Social Studies: Pauline Joerger

 

Social Studies: Pauline Joerger

 

Date: January 30, 2013
by: Stephanie Hannum | Diversions Managing Editor

 
 

Although she's originally from Germany, Pauline Joerger's Sarasota roots date back more than 100 years, and she’s continuing to plant new ones with her two daughters.

I was born in Munich — my father is German and mother is American — but I came to boarding school and university in the U.S. Sarasota began to become my home-away-from-home.

My great-great grandmother (Bertha Palmer) came to Sarasota more than 100 years ago. Sarasota is where my mother came for spring break and summer vacation, to come visit her mother who was here at the time.

My roots
make me tied to the community and tied to my relative who came here. She was a single woman who became a rancher, a gardener, a developer and builder. That could not have been easy, so I love that about her and this great community. It’s nice to live in a community in which you have roots. My girls (Sophia, 10, and Schuyler, 12) also love their history. They learned fairly organically about their great-great-great grandmother’s land with visits to Myakka and Historic Spanish Point. Especially because they are girls, I like to highlight their ancestry because it’s nice to grow up with that example of an incredibly strong and adventurous woman.

Every Christmas my family gathers in Austria for two weeks. The hotel we go to, Hotel Lorünser, is the same one my father has been going to for 60 years. The girls play with kids whose parents we played with when we were little. My four sisters come with all their kids — it’s our favorite time of the year.

We have a virtual zoo here — two dogs, two birds, a million gold fish and a beta fish. I think kids and animals go together, and a house and animals go together. Schuyler is my dog whisperer; she has tamed and trained other people’s dogs, as well as ours. They sleep in bed with her every night — she takes great care of the animals.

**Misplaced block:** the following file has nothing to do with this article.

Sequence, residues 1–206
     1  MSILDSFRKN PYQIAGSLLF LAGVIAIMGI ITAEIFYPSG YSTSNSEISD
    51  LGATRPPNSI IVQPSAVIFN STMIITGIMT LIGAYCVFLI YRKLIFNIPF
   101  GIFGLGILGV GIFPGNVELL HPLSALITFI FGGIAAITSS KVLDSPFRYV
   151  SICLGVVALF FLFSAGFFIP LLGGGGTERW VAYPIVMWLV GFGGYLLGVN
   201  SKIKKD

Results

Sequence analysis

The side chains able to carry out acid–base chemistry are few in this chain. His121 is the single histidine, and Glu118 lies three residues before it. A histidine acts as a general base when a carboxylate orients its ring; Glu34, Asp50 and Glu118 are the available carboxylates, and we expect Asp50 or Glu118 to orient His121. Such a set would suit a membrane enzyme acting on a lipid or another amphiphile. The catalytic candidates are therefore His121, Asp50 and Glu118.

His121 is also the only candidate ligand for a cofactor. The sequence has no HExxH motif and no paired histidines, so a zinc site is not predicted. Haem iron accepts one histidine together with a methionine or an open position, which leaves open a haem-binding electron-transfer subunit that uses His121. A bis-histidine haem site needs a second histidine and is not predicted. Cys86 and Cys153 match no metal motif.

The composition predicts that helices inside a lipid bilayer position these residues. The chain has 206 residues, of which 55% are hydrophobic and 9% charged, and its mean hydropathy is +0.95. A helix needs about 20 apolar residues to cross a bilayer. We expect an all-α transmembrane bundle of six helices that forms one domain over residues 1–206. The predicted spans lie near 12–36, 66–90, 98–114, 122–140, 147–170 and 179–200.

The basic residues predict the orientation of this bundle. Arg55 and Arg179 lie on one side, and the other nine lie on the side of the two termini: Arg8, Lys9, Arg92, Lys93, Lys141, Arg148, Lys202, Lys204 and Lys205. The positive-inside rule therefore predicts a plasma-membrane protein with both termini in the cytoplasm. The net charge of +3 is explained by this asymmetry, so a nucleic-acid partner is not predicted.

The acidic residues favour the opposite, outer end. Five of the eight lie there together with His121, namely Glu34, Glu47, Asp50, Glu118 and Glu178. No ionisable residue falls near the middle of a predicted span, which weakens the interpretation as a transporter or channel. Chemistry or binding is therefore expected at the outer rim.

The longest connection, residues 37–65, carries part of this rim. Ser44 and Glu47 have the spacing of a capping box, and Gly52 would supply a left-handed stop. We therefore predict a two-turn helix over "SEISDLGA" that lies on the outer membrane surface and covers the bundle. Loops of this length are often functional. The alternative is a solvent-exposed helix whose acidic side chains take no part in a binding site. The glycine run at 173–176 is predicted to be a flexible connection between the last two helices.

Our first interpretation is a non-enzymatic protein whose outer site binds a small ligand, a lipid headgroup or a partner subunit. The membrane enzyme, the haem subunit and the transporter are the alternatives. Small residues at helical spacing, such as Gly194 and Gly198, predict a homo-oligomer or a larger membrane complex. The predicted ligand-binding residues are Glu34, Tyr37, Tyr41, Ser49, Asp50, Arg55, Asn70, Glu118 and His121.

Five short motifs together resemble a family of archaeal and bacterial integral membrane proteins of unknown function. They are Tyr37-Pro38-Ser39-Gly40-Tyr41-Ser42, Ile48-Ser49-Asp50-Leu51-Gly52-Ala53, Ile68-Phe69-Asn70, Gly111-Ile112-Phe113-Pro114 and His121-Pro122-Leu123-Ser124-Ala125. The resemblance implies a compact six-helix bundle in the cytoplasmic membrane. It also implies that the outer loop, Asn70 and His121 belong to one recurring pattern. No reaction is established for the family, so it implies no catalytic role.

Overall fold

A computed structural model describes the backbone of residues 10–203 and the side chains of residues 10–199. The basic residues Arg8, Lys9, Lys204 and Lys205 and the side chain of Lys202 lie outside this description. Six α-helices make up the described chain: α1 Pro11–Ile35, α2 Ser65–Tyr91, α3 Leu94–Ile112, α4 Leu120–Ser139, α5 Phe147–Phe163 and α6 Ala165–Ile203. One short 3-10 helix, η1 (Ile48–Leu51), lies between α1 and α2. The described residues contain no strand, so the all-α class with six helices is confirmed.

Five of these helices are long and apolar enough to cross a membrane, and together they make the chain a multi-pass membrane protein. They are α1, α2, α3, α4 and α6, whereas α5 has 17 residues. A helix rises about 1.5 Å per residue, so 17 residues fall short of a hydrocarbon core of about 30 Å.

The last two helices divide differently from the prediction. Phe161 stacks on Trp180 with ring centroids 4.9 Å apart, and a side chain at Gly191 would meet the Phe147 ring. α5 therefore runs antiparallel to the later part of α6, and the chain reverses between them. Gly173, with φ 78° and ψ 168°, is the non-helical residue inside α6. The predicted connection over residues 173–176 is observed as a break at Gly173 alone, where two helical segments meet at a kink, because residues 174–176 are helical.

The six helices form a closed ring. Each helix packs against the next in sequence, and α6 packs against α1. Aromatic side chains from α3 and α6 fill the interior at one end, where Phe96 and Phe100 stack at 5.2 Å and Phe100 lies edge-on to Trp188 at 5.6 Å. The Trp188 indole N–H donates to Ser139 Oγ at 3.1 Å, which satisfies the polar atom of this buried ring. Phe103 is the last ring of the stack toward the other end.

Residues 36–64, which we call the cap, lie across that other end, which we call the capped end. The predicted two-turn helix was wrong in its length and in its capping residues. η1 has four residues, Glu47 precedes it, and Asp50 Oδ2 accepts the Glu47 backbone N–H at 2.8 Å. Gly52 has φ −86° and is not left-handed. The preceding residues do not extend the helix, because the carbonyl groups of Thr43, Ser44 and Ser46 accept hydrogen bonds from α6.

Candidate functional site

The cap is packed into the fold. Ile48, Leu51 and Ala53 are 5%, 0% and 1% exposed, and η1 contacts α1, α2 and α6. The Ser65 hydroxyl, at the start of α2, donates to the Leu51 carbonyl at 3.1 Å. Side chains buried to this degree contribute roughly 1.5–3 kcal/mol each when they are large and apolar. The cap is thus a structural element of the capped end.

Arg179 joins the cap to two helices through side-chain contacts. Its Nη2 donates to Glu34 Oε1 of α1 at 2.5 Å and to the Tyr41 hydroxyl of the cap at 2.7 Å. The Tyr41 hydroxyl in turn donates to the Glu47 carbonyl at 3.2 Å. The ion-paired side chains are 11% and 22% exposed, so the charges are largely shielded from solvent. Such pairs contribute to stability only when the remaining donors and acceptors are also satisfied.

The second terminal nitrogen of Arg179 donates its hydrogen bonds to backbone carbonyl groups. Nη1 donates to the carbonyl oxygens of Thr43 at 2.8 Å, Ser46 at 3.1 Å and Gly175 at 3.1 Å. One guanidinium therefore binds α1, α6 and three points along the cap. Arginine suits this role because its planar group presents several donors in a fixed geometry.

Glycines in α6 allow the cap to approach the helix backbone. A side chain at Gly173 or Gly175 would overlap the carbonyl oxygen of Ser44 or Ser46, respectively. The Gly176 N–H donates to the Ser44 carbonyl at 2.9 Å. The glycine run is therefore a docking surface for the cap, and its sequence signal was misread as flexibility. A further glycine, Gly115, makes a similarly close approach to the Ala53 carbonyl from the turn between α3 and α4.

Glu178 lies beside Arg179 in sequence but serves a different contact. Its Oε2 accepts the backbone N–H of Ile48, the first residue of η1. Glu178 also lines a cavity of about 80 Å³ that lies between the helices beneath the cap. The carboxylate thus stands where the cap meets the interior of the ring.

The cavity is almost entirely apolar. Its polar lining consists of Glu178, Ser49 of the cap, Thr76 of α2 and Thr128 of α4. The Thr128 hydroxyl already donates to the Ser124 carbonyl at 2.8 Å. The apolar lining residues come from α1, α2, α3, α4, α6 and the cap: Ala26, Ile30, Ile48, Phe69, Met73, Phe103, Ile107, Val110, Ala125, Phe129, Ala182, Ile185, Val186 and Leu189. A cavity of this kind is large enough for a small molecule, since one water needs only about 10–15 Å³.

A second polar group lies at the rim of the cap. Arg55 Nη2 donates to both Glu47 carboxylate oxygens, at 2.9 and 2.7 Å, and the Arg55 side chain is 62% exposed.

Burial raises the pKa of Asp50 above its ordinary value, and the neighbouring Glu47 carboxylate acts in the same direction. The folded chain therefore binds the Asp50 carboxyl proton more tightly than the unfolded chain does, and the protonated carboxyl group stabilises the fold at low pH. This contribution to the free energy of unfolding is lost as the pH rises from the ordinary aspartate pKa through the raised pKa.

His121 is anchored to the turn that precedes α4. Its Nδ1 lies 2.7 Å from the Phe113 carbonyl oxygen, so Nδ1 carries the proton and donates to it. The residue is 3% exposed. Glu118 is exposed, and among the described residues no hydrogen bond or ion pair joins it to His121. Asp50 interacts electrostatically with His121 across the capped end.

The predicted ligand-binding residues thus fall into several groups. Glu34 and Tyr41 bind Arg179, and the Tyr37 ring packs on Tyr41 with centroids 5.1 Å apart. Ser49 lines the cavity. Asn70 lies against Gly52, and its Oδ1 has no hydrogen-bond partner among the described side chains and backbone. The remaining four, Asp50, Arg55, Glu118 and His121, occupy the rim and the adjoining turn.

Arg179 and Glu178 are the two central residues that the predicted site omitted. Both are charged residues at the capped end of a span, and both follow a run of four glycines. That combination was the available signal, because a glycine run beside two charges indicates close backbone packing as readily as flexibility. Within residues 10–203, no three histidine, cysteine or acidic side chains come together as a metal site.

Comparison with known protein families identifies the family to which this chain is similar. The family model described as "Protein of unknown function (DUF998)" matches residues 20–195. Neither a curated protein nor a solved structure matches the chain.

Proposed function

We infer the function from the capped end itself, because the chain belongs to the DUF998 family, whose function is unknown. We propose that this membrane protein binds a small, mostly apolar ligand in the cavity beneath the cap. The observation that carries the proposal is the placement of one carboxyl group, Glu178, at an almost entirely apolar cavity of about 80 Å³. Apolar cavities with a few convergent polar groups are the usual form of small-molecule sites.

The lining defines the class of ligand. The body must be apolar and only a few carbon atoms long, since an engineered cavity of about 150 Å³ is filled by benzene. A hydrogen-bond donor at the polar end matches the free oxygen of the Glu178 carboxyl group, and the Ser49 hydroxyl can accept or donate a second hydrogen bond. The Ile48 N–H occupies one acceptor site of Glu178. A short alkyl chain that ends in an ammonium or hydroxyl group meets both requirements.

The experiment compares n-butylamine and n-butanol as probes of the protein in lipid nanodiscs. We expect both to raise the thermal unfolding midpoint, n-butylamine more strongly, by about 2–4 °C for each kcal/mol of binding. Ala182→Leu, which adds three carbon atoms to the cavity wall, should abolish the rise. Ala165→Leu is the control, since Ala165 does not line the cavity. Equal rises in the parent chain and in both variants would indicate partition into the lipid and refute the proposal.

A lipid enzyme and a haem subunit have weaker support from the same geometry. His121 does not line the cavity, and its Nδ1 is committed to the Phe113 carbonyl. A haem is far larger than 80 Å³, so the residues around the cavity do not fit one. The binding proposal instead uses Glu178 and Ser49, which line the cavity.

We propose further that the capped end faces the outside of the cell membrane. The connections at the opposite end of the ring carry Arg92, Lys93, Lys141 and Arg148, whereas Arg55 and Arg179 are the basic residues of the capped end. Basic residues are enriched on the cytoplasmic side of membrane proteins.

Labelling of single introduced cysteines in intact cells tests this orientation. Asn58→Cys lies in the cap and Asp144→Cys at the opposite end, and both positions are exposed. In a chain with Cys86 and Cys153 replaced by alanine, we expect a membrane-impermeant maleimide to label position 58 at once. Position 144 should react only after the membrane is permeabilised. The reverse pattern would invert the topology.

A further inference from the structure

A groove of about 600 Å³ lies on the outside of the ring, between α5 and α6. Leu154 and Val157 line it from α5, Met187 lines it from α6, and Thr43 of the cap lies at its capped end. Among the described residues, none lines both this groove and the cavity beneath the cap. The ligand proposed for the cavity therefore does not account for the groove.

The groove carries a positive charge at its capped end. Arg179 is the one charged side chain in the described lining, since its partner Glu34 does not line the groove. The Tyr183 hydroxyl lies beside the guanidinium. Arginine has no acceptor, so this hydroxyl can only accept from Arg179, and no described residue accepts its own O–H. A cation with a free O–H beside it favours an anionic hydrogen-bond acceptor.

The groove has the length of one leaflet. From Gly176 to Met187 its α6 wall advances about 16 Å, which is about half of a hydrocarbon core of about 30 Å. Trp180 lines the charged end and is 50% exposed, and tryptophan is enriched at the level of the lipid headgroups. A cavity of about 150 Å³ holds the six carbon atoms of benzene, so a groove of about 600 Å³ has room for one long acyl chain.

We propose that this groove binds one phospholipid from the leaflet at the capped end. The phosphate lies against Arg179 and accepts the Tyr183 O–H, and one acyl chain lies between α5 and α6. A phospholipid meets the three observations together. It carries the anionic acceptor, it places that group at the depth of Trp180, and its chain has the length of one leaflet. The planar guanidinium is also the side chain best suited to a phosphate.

The most valuable time is the couple of minutes on the way to school. I walk Sophia into Southside and then drive Schuyler down to Pine View, so we get to hang out. After that, I go running and can clear my head and get ready for the day.

My perfect day would be to spend it on Casey Key with my kids and my dogs. I would go for a run on Casey Key Road with the dogs and the girls following me in the golf cart. Then we would all go paddle boarding followed by a long lunch on the porch and a big siesta in the afternoon.

I really love anything that keeps my body moving — it puts me in a good mood and makes me feel better. And, the more I exercise, the more I can eat. When I finish a half marathon, my reward is a cheeseburger and bloody Mary.

Running was a challenge to myself. Everyone I knew who was skinny ran. When I really got into running, it was a challenge that I wanted to commit myself to. I promised everyone I would do a half marathon. It brought me out into the sunshine four-to-five days a week, and it brought a smile to my face.

I have done six half marathons. I have a charm bracelet as a reminder of setting goals and doing things that are important — it includes a charm of the girls, a charm that reminds me of every Palm Ball and one for every half marathon that I have run. If I ever forget my priorities, I look down and am reminded of where things fit in my life.

My motto is: “Have bag, will travel.” I’m planning a trip to Tuscany this summer with the girls. Austria is tradition. I’d love to go to Morocco. This past summer was the summer of America — things kept aligning to visit friends and family so I just jumped in my car, or on JetBlue.

I’m a Palm Ball chair and volunteer, but I’ve been with the Conservation Foundation of the Gulf Coast since it was founded. In the past 10 years, it has protected 30 properties and 8,600 acres, which we are incredibly proud of. It’s a nonprofit land trust and works to preserve Sarasota’s bays, beaches and barrier islands.

Orchids are beautiful, and they sort of find me. I get them as presents, go to the Selby plant sale or buy the centerpiece off the table at an event — over time it grew and grew … and grew. Truly it’s benign neglect. They are so beautiful, I just abandon them under an oak tree and they survive. Everything in my life has to be pretty user-friendly.

I love to cook. I’m not big into baking because I’m not a big dessert person, but I love to cook anything. I think it’s like therapeutic in some way, and there are always people around. I take pride in my cooking and enjoy feeding and entertaining friends.

 

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